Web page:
Home | English | Publications | Witness Testimony | Witness Statement: Mitra Lager

Witness Statement: Mitra Lager

9. Upon entering the facility, the seven of us were stuffed into a small, dark cell. The cell had a simple layout; it was composed of a common room. We had to call them to come and open the door to go the bathroom. Conditions were very bad in our new facility and guards did little to help us. During our time there, we found ourselves constantly hungry, thirsty and restless due to lack of food, water and exercise. Furthermore, visibility within the cell was extremely limited, especially on nights when the electricity went out.

10. We were actively discouraged from lobbying for better conditions. On one occasion, we complained a bit too much about the condition of the facility and a number of armed guards rushed into our cell and beat us. In response to their violence, I came forward and asked the men, “Why are you beating us?” The guards, sensing I held a leadership role within the group removed me from the cell and transferred me to solitary confinement. On my way to solitary, the guards tried to intimidate me by telling me that people who go to solitary never come out again.

11. I was held in solitary confinement for two weeks; I was the only woman in the solitary ward during that time period. I was not interrogated during these two weeks.

12. After my stint in solitary, they took me to the women’s ward which held about 200 women. Most of the women in this ward were members of the MEK who had been arrested in the June 20 demonstration and also there were some leftist women and a few ordinary prisoners who had been arrested due to prostitution.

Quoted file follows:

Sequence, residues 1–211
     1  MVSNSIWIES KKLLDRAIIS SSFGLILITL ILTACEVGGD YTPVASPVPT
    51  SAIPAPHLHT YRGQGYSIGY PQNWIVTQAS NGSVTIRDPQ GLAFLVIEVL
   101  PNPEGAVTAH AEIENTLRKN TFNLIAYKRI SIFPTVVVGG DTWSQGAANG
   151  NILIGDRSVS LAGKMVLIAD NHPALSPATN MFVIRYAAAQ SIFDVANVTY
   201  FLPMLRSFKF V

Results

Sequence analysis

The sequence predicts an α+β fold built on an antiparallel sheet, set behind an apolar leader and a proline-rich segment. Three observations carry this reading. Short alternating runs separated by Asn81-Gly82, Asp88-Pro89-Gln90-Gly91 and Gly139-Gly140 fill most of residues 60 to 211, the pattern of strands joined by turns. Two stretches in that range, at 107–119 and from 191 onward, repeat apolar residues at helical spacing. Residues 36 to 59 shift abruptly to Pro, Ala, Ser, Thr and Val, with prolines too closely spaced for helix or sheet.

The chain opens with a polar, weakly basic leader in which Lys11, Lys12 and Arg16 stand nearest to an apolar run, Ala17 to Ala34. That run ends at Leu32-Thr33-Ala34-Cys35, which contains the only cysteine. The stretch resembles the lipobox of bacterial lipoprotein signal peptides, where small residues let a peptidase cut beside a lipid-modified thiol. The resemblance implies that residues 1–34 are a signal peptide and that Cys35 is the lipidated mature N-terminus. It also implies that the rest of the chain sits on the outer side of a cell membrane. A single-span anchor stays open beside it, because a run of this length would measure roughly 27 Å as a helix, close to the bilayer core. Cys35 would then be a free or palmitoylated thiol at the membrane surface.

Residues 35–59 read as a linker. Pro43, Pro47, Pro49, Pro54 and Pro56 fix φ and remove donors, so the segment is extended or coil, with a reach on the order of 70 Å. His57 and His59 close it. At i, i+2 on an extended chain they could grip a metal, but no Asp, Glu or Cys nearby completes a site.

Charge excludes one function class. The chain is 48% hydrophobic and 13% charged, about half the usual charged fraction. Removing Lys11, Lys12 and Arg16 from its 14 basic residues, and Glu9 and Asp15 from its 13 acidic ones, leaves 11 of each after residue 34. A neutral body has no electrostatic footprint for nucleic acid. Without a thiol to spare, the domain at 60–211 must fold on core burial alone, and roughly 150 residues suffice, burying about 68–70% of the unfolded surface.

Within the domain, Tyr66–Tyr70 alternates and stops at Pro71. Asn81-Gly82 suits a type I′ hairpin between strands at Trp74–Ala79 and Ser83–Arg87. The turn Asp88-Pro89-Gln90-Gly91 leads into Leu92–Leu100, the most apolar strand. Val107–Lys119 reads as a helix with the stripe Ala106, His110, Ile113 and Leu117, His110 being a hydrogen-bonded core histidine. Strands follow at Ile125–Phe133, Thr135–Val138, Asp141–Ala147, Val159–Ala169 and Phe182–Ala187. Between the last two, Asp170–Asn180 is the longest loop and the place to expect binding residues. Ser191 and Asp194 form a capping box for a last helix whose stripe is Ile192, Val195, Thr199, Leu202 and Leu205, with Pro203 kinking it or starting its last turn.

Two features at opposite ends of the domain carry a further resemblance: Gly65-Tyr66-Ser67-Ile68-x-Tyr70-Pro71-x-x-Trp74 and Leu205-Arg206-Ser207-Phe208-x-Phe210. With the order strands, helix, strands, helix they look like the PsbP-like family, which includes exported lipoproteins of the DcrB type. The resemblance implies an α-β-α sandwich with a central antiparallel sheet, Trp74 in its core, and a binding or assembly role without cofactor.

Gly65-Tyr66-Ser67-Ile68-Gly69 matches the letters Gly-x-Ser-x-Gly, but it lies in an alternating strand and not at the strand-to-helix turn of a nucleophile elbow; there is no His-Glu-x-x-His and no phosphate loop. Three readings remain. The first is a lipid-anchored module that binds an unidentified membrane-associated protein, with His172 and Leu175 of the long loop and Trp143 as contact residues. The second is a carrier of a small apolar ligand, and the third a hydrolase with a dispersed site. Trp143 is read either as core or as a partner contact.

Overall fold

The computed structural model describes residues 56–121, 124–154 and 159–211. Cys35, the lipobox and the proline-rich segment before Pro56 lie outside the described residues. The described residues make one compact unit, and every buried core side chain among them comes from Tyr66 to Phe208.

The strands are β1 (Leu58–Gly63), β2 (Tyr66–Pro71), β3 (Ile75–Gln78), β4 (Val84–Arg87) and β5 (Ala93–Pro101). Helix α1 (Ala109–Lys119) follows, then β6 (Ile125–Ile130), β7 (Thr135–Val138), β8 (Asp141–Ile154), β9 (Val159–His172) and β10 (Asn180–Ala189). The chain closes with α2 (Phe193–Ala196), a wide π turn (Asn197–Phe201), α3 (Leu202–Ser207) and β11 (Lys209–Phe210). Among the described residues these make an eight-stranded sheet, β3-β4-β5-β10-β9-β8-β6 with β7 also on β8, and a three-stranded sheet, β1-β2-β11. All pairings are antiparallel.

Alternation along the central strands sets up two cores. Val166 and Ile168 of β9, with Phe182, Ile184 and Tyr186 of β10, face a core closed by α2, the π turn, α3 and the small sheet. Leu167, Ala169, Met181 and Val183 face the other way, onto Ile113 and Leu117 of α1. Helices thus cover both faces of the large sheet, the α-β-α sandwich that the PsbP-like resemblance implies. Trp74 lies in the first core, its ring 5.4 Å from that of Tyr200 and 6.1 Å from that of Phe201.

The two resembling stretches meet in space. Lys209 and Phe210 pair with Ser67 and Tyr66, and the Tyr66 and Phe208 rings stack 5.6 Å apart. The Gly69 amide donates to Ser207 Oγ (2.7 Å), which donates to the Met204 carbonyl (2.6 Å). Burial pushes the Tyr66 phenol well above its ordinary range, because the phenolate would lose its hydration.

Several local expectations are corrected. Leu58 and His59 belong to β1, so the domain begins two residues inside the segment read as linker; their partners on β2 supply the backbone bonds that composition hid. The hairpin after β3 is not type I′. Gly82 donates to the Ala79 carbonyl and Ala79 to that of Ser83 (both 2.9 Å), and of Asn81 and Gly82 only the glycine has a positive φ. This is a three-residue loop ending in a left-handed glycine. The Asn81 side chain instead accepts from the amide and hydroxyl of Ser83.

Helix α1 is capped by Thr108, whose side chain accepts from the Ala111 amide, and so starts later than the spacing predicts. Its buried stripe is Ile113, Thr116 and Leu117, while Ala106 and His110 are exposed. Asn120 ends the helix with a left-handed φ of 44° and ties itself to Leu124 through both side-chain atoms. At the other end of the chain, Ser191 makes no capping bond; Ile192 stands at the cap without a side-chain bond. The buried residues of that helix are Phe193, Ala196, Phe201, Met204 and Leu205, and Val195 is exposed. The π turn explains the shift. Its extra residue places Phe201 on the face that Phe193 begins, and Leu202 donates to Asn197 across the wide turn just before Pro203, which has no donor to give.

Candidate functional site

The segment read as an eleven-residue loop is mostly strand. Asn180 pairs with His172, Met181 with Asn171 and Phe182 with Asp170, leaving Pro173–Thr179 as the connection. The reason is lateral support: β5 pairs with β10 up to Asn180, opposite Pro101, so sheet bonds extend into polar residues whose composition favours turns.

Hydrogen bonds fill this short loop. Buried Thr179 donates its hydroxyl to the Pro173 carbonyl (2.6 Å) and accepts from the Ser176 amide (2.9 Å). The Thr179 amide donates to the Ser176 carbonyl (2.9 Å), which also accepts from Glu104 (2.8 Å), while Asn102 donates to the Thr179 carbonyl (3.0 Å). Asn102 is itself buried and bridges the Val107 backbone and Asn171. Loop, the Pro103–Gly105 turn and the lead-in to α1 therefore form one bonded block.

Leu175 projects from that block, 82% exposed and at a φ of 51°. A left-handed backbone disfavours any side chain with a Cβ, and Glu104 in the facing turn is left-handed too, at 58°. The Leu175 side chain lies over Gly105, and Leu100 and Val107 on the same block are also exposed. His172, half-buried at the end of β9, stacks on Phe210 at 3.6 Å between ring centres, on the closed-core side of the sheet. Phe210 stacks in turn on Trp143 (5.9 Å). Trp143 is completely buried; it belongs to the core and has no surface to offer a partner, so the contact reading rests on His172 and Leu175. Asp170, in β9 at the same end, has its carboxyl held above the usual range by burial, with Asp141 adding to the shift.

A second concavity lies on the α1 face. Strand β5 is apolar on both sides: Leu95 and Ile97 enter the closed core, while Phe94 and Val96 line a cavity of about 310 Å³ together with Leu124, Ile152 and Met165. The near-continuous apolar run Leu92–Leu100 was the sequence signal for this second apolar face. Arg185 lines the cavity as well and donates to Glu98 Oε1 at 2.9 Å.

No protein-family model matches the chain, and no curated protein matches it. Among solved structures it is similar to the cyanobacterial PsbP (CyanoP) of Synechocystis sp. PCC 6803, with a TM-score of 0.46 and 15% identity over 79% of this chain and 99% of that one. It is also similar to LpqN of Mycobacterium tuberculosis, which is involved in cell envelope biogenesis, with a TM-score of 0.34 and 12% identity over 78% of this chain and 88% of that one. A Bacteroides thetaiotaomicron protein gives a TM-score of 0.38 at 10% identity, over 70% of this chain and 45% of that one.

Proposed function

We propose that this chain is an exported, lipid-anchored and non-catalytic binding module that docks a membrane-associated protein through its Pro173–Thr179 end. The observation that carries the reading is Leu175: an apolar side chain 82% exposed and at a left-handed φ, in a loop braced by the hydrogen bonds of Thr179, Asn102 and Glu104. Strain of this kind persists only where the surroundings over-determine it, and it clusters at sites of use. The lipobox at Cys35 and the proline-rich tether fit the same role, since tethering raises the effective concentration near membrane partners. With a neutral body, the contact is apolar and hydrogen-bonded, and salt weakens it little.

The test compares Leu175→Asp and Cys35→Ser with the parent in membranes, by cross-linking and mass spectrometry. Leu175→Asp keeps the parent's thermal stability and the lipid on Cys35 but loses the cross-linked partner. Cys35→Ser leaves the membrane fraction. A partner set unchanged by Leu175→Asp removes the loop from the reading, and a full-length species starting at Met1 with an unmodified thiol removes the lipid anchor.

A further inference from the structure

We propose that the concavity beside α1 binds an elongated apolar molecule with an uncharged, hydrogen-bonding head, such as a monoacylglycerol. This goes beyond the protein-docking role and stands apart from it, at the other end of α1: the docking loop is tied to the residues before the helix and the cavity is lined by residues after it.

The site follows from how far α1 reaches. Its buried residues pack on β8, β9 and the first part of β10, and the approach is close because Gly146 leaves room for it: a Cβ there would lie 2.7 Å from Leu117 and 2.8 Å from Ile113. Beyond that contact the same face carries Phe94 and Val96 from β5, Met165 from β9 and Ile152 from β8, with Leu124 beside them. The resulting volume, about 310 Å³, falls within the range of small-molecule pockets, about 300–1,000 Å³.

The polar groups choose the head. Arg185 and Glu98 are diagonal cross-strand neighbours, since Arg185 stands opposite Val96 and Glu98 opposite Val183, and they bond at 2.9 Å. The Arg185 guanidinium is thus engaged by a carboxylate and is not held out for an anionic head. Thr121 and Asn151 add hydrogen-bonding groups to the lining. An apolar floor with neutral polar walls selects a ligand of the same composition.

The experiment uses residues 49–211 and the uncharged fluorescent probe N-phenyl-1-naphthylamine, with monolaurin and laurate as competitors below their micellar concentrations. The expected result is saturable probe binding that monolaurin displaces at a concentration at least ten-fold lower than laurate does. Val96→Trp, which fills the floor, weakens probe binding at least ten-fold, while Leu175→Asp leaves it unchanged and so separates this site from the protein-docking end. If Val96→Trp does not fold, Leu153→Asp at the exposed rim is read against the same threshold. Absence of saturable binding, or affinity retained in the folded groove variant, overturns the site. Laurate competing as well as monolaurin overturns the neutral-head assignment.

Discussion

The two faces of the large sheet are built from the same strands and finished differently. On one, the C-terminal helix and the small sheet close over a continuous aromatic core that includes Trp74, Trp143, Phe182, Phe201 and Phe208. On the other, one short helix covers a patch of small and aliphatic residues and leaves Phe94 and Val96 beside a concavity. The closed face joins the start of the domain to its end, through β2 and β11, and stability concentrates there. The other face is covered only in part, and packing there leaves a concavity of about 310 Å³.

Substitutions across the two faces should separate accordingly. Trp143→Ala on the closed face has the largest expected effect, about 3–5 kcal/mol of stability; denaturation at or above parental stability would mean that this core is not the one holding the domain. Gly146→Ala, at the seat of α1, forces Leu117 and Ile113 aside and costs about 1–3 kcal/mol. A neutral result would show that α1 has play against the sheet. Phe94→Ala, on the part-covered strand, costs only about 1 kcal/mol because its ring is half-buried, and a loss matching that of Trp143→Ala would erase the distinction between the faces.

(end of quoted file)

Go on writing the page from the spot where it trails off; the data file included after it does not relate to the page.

13. Initially, in the ward we were given visitation privileges twice per week. Since my family didn’t live in Shiraz, it was very difficult for them to come with that level of frequency. After a while, the prison changed its policy and visitors were only allowed to come once per week. The prison also shortened the average time and frequency of our outdoor time. When we complained about the changes in policy, we were attacked and beaten by guards. During this time, I still was not interrogated.

14. After 2 months of detention, I was summoned to a room within the prison facility. Actually my name was paged by speaker that I should leave the room. Nobody informed me that it is my interrogation or my trial! I arrived at a dilapidated room and was ordered to take off my shoes before entering. Inside the room, three or four people including some clergy were sitting on the ground on a rug. I was wearing Hejab2 but of course my eyes were not blindfolded and I was able to see everything. After I removed my shoes, they directed me to sit down.

15. The clergymen asked questions about my womanhood. I was 17 years old. For example, they asked me why I had not yet found a husband. When I told them that I had not yet found an appropriate suitor, they laughed at me and asked me that why I didn’t marry one of the MEK members? I was quiet! They laughed at me and said none of them is a real man! Not only was this line of questioning irrelevant to my charges, it was clearly designed to insult and embarrass me! Sadly, such questions remain typical for women detained in Iranian prisons.

2 “Hejab” is the traditional covering for the hair and neck that is worn by Muslim women.

« 1 2 3 4 5 6 7 8 9 10 11 »
  • Email to a friend Email to a friend
  • Print version Print version
  • Plain text Plain text

Tagged as:

Imprisonment, 1988 Prison Massacre, Torture, Inhuman and Degrading Treatment, Punishment, Free Speech, Free Association